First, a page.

A cube appeared in the meadow behind our village. No one knows where it comes from or what’s inside, but everyone wants it for themselves. It has a lot of holes on each side and the locals believe that it would stand out well in the garden if it is grown by a nice shrub. Maybe sumac. But he won’t give it to me. What if all those holes and symmetry make sense?
The cube looks mysterious, but in reality it is completely ordinary. She probably dropped out to one of the players who wanted fun in the board game Ctrl. The game was created by Julio E. Nazario and was released under the banner of Pandasaurus Games in 2020. However, it is spreading across Europe thanks to Esdevium Games.
It is a smaller box, but it is still large enough to fit a lot of plastic cubes. And also one black cube with holes, just like in the title story. On the lid, players see a series of colored squares. Each participant in the game chooses one color and gets all 22 dice and one big elongated plastic flag. The individual participants then each attach their dice to the starting position of the common black cube. This is a hole that is middle in the bottom row. It is to this cube that players attach their flags.
Players take turns in the game and get a chance to connect three dice. But first they have to detach their flag so that they have complete freedom. However, they will be blocked by the flags of the opponents and also the table, because the cube can be turned, but never lifted from the table.
The active builder then chooses a place to attach his first cube to the area of his color. He also has absolute freedom with the first piece, but then he chooses the direction and with the next two dice he must continue the row to this side. However, it will surround the cube with its stones and any already connected cubes. This way the stones overlap each other and only the top ones are visible on each side.
Then just attach your flag, anywhere. He must keep in mind that this long stick has the power to block opponents who can not cross it. The only other real wall is a mat or table top. If a player chooses a direction that cannot be followed precisely because of these blocks, he must not choose a direction.
Players connect one die after another until they run out of supplies. At that point, it’s time to score, during which players must look at each side of the dice and count the colored dots that are visible when viewed directly. And the one who has the most dice that remain visible in the sum becomes the winner.
Ctrl is an interesting spatial abstract game in which opponents try to cover the cubes of others so that they are not visible. It’s not about being continuous. The connection is always important only in the turn, when the player must connect and continue in a straight line. But then each cube has its clear value and they are all equal.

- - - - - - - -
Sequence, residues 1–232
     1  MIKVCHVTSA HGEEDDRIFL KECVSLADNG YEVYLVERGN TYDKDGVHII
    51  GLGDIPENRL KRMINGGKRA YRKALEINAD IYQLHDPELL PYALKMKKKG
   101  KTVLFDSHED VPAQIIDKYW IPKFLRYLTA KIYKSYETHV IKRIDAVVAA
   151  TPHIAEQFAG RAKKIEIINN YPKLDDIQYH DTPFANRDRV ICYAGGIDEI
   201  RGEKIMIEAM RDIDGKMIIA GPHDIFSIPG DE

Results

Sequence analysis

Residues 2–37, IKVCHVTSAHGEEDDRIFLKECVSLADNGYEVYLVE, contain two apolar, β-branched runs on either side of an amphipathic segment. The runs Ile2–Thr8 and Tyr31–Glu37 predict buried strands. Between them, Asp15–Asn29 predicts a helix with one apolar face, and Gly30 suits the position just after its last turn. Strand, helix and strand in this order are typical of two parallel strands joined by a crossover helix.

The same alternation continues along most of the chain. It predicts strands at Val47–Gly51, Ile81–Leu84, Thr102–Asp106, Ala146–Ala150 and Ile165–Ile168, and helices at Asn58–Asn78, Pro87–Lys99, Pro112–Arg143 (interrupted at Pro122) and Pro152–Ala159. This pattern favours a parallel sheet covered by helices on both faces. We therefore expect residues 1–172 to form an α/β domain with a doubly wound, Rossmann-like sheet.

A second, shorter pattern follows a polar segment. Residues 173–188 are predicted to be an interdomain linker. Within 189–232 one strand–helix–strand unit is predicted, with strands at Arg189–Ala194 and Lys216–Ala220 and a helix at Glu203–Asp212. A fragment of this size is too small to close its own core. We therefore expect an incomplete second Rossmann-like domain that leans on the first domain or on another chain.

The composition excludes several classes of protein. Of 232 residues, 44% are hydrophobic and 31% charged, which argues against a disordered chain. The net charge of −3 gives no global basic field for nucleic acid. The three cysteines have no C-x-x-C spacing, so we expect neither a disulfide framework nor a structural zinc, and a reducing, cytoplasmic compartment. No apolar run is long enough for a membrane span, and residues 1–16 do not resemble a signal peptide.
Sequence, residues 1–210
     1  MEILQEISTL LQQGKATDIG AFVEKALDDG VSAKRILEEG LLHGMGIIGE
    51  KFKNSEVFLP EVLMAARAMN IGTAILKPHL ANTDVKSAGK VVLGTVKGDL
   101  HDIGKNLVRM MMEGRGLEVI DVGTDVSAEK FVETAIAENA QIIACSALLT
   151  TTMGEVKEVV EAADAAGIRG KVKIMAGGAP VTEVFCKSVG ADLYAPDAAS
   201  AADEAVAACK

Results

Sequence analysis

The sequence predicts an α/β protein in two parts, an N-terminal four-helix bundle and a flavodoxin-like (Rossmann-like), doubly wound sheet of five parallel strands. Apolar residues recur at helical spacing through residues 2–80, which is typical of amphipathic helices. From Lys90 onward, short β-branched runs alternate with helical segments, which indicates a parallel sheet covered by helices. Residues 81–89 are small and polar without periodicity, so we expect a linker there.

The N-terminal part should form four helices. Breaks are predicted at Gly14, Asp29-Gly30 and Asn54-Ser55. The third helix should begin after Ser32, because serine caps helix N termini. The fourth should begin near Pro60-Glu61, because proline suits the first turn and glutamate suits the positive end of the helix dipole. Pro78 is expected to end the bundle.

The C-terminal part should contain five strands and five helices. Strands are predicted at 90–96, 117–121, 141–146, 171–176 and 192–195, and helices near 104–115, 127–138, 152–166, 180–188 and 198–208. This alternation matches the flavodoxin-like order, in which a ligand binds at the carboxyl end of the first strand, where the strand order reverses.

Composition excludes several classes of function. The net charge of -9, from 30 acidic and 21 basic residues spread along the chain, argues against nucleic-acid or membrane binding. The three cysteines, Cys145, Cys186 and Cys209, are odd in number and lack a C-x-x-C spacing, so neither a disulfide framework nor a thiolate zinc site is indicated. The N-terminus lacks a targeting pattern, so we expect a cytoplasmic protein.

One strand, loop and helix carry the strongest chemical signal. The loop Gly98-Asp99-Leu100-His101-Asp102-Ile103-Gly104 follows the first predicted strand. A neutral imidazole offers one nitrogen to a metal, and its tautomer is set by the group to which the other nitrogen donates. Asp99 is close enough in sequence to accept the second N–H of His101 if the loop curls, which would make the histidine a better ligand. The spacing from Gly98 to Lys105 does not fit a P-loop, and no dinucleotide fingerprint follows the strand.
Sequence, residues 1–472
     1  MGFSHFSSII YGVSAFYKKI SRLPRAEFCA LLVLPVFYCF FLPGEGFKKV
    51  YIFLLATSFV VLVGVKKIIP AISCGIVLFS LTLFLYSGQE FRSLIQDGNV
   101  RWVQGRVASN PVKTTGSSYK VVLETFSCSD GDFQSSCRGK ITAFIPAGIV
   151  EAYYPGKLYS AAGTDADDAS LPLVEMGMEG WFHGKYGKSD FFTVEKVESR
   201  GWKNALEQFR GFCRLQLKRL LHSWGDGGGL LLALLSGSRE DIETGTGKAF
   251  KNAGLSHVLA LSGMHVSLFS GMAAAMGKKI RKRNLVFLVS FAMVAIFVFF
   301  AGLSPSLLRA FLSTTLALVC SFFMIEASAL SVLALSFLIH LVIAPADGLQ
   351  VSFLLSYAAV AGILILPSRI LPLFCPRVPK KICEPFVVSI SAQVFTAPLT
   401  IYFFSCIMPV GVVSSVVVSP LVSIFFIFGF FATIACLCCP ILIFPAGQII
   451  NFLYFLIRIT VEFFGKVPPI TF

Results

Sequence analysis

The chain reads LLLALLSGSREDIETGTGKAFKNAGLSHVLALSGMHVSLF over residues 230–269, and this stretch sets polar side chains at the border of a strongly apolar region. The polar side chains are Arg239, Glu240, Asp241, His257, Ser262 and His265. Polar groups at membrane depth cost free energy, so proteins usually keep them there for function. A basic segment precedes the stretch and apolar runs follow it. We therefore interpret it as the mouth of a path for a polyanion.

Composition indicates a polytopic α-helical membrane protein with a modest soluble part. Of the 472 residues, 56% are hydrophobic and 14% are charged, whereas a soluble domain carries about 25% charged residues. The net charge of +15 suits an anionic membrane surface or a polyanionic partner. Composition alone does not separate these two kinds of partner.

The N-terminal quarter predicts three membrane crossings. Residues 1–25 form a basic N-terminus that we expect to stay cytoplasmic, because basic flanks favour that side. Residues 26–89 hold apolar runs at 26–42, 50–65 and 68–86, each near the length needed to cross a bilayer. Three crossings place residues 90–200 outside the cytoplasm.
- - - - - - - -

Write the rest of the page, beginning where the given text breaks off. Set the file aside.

The idea is really funny. Spatially encircling the plastic cube with more and more stones increases it, and a larger circumference means that the player does not cover as much space in one turn. Gradually, the tactics develop, but at the same time also increases the number of dice, and thus the potential starting positions against the beginning, when he has only one.
Most importantly, the rules allow players to see ahead and plan moves so that the whole construction really takes place according to their ideas. This is crucial for this type of game, because abstract entertainment is expected to be completely under control. It is clear that the opponents influence each other, but even this positional struggle belongs to everything.
The game is excellent in two, despite the fact that you have to learn how to make special rules. Everyone will take control of two colors. But that’s where putting the dice back and forth is the most tactic. In more players, more uncontrolled situations enter the game as the dice changes too much. The game news, which only slightly exceeds fifteen minutes, is also positive news.
Unfortunately, where the gameplay is promising, the overall impression spoils the processing. The pieces tend to fall out and not stick together. And it is in such a game, where the whole mechanism is based on their distribution, the absolute K.O. criterion.
You could buy Ctrl with promise and a hint of an idea with gusto. But if you learn that when handling the cube, the whole building tends to fall apart or, at best, become unstable, so you will hardly want to ruin your day. And this could be a great abstract game, but this way, Ctrl is only average.
Ctrl will give us hope and a taste for abstract entertainment, in order to spoil it with unnecessary technical problems. At the same time, overlapping the colors of the cubes in three-dimensional space has a chance to be really interesting, while still maintaining the playing time and fun. The tactical options for this innovation fit perfectly, but when the cube falls apart, the fun you might have with Ctrl also falls apart.